Over the past week I have identified three different fowl bluegrass (Poa palustris) samples sent in to the Purdue Plant & Pest Diagnostic Lab (https://ag.purdue.edu/department/btny/ppdl/). This is not concerning, just unusual. This is not a grass species that I see that often, but I have seen several samples this year, including a sample from my own lawn. By the way, my lawn has lots of weeds.
Fowl bluegrass is a common bluegrass species native to a large portion of the US. It is classified as a perennial, but acts like a weak perennial, much similar to Poa trivialis. This plant is more common in wet areas and taller meadows than in lawns and its larger stature (Judziewicz et al., 2014) and longer ligule distinguishes itself from other bluegrasses commonly found in Indiana lawns [Kentucky bluegrass (Poa pratensis), annual bluegrass (Poa annua), and rough bluegrass (Poa trivialis)].
Fowl bluegrass has the following characteristics (Hitchcock, 1935; NPT; Smith, 2014):
• Mainly bunch-type in growth habit but can have stolons
• Purplish base coloration
• Folded vernation (keeled sheath)
• Long membranous ligule (3 to 6 mm)
• 1 to 8 mm wide leaf blades
Samples I have observed also have:
• The ligule has an acuminate (tapering to a slender point) ligule
• The leaf sheath is open or split
• The leaf tip is boat shaped similar to other bluegrasses although the tip is more tapered than in Kentucky bluegrass or annual bluegrass.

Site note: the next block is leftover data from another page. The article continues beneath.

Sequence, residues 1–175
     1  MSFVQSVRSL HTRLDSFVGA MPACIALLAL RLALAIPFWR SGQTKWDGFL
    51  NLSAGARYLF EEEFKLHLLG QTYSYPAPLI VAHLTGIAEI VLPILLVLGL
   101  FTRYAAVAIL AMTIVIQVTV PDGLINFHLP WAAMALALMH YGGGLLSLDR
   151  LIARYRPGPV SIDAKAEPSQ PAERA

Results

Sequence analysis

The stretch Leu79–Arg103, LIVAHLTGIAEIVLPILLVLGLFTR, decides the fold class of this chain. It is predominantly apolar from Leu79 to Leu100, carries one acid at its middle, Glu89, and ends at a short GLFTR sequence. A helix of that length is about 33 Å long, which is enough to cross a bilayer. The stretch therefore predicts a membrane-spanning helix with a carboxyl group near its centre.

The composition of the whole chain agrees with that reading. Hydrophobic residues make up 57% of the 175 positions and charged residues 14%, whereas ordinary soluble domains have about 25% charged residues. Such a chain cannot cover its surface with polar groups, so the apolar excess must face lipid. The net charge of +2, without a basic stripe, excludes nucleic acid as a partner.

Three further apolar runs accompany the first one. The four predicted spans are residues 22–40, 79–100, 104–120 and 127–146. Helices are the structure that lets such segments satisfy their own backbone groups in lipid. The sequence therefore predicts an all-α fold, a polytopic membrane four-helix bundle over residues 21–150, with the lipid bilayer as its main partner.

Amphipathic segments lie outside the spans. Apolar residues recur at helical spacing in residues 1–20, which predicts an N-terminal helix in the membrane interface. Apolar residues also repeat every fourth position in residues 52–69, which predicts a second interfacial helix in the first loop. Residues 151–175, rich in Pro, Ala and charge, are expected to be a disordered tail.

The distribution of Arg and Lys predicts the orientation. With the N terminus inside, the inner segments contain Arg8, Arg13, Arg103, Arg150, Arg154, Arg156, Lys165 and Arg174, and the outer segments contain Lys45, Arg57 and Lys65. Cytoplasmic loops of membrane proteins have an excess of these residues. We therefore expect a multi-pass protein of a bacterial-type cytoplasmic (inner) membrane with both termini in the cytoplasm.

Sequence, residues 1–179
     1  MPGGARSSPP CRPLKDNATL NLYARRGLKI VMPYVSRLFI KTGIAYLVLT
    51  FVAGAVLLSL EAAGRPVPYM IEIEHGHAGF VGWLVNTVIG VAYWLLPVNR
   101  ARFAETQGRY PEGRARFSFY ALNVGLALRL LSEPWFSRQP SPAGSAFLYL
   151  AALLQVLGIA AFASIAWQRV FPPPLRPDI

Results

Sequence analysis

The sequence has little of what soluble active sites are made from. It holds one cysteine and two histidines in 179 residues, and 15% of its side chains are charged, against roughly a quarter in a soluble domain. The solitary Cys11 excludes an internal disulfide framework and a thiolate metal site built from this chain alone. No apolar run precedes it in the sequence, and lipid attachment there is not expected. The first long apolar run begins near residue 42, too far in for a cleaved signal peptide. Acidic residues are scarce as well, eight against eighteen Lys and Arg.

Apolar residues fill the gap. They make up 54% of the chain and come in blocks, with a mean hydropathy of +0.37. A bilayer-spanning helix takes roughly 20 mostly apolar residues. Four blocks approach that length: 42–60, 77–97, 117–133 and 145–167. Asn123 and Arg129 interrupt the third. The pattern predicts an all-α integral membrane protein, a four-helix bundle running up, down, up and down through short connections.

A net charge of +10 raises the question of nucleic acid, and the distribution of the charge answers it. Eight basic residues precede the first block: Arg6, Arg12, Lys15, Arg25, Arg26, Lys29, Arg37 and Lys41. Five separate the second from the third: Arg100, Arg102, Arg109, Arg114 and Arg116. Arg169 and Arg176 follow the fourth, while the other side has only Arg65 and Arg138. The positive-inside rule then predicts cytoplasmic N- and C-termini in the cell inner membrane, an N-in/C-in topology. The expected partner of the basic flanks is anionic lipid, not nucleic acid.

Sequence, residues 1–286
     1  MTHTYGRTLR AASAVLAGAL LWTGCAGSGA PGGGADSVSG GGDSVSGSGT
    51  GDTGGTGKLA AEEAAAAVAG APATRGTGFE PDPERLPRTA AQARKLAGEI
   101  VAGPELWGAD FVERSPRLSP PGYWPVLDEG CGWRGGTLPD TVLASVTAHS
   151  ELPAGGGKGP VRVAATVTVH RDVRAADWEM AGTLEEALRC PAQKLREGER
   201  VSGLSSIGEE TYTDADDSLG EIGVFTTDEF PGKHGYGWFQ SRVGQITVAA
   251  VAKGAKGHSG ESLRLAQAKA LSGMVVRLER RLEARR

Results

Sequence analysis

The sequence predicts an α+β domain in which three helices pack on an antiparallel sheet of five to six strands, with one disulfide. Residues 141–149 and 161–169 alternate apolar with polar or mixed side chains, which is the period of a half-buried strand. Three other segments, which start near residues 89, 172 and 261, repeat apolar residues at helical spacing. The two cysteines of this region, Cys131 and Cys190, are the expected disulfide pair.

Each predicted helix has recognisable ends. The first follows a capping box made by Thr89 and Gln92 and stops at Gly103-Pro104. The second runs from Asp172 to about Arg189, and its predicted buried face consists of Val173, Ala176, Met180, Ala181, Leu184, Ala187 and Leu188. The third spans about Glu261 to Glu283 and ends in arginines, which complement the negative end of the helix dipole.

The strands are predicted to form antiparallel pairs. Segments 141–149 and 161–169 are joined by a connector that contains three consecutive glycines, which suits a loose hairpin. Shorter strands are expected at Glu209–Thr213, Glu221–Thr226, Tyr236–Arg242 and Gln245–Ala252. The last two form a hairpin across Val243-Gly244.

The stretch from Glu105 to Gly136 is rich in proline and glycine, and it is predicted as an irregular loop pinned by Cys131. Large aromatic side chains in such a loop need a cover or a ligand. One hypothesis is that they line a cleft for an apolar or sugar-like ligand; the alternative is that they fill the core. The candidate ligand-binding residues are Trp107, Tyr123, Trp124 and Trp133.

Distinguishing it from other bluegrasses
• Fowl bluegrass lacks rhizomes or stolons which distinguish it from Kentucky bluegrass or rough bluegrass, respectively.
• Fowl bluegrass has a long, pointed ligule which distinguishes it from Kentucky bluegrass or rough bluegrass. The ligule on annual bluegrass is long, but not as long as fowl bluegrass.
• Fowl bluegrass plants will grow taller than other bluegrasses in spring.
• They all have a boat-shaped leaf tip and flower (produce seedheads) at a similar time of year so these are not helpful in distinguishing the species.
Where did these samples found in lawns come from?
They could have come from a nearby wooded area, meadow, pasture, or wet area. Further, the seed could have been dormant in the soil, or seed might have come in with straw or hay related to a recent seeding project.
How do I remove it from my lawn?
This plant will have vigorous growth in spring but should die or go dormant in summer due to poor heat and drought tolerance. However, it will produce seed if unmown and that seed will make this weed a problem next year. There are no herbicide recommendations for this weed although it likely has the same susceptibility to herbicides as Poa trivialis and Poa annua. Fall fertilization and seeding practices that produce a dense lawn should help reduce the invasion of this weed into thin spots.
If this topic is of interest to you, also see a previous turf tip distinguishing annual bluegrass from Kentucky bluegrass. https://turf.purdue.edu/which-is-it-annual-bluegrass-or-kentucky-bluegrass/
1. Hitchcock, A. S. (1935). Manual of the grasses of the United States. USDA Misc. Publicat. No. 200.
2. Judziewicz, E. J., Freckmann, R. W., Clark, L. G., & Black, M. R. (2014). Field guide to Wisconsin grasses. University of Wisconsin Press.
3. Native Plant Trust (NPT): https://gobotany.nativeplanttrust.org/species/poa/palustris/
4. Smith, J. P. (2014). Field guide to grasses of California. In Field Guide to Grasses of California. University of California Press.
This article came from Turfgrass Science at Purdue University